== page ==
UBN Drags Judge Before NJC, EFCC over Alleged Collusion with Churchgate Owner


• Bank accuses Mahtani of refusing to repay $82m loan for construction of World Trade Centre, Abuja
• Company denies allegation, says Union Bank got judgment in its favour

Davidson Iriekpen

Union Bank of Nigeria (UBN) Plc has dragged a judge of the Federal High Court, Justice Ibrahim Buba, before the National Judicial Council (NJC), the Economic and Financial Crimes Commission (EFCC) and the Department of State Services (DSS) for alleged professional misconduct.

The 44-page petition with attachments accused the judge of allegedly colluding with one of its huge debtors, Mr. Bhagwani Mahtani, a naturalised Nigerian businessman of Indian origin and chairman of the Churchgate Group, to defraud the bank and pervert the cause of justice.

According to the petition, the judge used his intellectual prowess to bend the rules and use his position to the advantage of the debtor by allegedly turning the law upside down in favour of the debtor – Mahtani the alter ego of First Continental Properties Limited, a subsidiary of the Churchgate Group.

However, the Churchgate Group has denied the allegation in the petition, insisting that Union Bank actually got judgment in its favour on February 28, 2018 but was dissatisfied with the judgment and had gone on appeal.

The petition alleged that Justice Buba deliberately destroyed the legal mortgages that were entered into to guarantee repayment of a $68 million loan originally granted Mahtani and First Continental Properties in 2011 for the construction of the World Trade Centre (WTC), Abuja.

The World Trade Centre, Abuja, is a complex of eight buildings under construction in the Central Business District of the Federal Capital Territory (FCT). There are seven skyscrapers planned for the site, two of which are nearing completion, with the others either under construction or at various stages of development.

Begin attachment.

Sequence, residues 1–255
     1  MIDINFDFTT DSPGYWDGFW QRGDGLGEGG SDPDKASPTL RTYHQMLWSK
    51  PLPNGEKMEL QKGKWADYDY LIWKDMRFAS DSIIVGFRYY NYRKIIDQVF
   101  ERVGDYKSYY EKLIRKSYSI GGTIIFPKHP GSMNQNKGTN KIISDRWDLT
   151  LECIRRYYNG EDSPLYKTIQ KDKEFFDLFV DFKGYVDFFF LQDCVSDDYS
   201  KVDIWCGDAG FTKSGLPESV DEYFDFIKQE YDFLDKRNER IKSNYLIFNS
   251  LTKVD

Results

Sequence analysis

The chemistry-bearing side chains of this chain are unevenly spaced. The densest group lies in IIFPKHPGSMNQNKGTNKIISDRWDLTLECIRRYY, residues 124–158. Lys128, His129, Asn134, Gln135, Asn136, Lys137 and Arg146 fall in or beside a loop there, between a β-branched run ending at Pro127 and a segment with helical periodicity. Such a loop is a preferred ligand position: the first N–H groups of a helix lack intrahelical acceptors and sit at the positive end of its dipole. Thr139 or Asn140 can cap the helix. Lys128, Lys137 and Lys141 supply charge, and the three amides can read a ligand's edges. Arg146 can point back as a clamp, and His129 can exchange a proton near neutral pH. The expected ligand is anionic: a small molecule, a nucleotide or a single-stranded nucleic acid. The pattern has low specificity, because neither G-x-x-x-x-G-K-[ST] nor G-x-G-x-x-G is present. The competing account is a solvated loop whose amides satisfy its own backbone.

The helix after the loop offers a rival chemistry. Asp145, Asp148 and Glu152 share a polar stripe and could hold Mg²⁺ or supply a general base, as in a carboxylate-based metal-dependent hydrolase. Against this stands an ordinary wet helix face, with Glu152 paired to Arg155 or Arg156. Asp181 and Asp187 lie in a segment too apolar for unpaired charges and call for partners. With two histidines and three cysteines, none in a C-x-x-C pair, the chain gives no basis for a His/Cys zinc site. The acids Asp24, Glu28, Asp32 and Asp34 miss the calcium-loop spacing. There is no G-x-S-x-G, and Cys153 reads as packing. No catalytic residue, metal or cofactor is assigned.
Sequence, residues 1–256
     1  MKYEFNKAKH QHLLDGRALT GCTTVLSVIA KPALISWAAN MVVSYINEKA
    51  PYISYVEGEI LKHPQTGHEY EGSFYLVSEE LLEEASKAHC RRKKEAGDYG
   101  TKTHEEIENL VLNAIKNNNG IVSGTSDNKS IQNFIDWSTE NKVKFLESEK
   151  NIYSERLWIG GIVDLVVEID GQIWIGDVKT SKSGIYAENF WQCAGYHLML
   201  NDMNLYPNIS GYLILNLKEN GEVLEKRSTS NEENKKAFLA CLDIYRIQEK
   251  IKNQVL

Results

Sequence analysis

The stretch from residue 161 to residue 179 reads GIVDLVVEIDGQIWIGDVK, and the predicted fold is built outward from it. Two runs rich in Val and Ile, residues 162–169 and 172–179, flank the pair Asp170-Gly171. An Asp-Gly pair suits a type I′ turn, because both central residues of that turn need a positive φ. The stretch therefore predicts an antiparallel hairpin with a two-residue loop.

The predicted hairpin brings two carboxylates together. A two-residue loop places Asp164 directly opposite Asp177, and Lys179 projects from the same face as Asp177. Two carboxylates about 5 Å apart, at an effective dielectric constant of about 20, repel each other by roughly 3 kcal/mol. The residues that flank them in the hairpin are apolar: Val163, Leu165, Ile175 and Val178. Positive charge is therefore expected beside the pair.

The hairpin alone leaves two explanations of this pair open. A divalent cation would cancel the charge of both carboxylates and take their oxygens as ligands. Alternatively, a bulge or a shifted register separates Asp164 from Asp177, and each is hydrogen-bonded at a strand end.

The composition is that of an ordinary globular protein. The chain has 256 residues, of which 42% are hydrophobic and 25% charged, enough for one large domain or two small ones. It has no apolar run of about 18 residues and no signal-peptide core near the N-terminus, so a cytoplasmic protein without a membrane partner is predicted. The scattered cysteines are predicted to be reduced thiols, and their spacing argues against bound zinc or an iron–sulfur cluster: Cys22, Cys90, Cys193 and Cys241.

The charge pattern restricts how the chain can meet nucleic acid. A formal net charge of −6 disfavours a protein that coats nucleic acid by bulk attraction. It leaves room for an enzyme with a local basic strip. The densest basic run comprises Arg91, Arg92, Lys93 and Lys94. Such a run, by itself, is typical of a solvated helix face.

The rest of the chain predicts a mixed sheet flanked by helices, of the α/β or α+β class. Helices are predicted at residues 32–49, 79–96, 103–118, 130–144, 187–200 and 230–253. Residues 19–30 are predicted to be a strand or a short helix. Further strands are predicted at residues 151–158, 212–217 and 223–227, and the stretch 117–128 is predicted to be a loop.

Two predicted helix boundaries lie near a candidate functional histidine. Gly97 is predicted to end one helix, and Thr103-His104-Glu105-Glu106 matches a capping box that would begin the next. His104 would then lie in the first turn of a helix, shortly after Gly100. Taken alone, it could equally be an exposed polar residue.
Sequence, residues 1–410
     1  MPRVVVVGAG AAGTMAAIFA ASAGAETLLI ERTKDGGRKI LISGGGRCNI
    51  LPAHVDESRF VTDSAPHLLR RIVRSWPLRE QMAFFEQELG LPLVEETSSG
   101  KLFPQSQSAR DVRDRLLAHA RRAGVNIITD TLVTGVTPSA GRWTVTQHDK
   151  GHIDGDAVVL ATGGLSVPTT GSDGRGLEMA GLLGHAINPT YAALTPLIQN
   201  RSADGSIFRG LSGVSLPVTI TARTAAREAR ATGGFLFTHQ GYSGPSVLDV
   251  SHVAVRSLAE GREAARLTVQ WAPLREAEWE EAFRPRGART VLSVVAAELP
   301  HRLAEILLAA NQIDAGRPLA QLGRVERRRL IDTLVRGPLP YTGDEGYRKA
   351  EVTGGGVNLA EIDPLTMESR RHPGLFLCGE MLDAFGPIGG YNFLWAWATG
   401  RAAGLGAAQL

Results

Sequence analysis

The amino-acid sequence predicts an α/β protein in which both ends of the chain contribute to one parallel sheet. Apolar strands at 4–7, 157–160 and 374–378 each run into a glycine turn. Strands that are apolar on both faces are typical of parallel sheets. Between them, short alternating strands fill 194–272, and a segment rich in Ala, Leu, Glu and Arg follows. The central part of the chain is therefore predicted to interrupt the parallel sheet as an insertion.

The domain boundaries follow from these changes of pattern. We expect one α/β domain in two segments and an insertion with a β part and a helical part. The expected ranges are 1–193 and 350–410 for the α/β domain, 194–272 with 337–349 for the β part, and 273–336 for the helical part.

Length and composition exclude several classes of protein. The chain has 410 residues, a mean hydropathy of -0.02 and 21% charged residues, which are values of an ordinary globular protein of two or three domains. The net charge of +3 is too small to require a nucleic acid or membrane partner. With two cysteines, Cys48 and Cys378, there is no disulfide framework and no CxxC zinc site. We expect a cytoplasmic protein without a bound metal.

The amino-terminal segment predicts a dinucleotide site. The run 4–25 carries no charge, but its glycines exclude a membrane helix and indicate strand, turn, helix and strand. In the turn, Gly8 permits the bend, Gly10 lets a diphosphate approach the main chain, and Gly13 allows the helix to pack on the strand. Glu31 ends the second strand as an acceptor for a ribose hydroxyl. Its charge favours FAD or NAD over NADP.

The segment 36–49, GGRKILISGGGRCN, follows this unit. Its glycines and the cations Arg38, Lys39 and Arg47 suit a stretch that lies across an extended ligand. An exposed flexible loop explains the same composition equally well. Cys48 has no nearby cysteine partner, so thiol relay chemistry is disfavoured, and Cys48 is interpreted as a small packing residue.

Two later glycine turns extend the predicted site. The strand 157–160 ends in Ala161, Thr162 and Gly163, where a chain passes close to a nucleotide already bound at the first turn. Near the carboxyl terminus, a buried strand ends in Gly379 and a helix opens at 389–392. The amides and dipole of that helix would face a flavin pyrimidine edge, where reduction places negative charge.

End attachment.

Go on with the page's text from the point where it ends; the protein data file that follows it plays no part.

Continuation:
The 58-paragraph petition from Union Bank accused the judge of delivering a judgment that appeared most unreasonable and difficult to understand, thereby conferring benefit to the “unrighteous at the expense of the righteous” in an alleged bid to make financial gains.

The petitioner claimed that the judge, by his questionable judgment, exposed the bank to great risk, as the loan facilities extended to the company were part of its depositors’ and shareholders’ funds.
It urged the anti-graft agency and the NJC to intervene and investigate the judge, saying it could not afford to lose such a huge amount of its depositors’ and shareholders’ funds to the debtor, particularly in this crushing economic environment.

The petitioner expressed utmost confidence in the EFCC and the NJC to carry out a prompt and painstaking investigation of the criminal allegations and the consequent prosecution of the offenders.
The crisis of confidence between Union Bank and Mahtani the alter ego of First Continental Properties Limited began on March 27, 2011 when a loan facility amounting to $68 million was granted to the company promoted by Mahtani.

According to the petition, the loan was to be used to build the then new Churchgate development in Abuja otherwise, known as the World Trade Centre, which Union Bank said has since been completed in Abuja.

The loan remains unserviced with an outstanding balance currently standing to the sum of $81,941,230.84 as of February 7, 2018.
The bank alleged that the debtor had at the time of obtaining the loan provided two legal mortgages as collateral for the loan tenor of the facility of four years and the loan was meant to be liquidated by April 30, 2015.

According to the petitioner, the loan was disbursed in U.S. dollars and the interest was initially fixed at 15 per cent per annum and payment was to be done through proceeds to be obtained from the sale of residential apartments and rental proceeds from the office space at the World Trade Centre, Abuja, and also from the rental proceeds of Plot 40 Afribank Street, Victoria Island, Lagos as well as Plot 473 AO Cadastral Zone, Constitution Avenue, Abuja.

The bank said payment was also expected from proceeds of other businesses of the company and its holding company – Churchgate Investment Ltd.

The petition stated that upon the application by the company, the loan was restructured by another offer letter dated March 13, 2015, endorsed by the directors.
But despite all the acknowledgements, Union Bank claimed that the company continued to default in the repayment of the loan.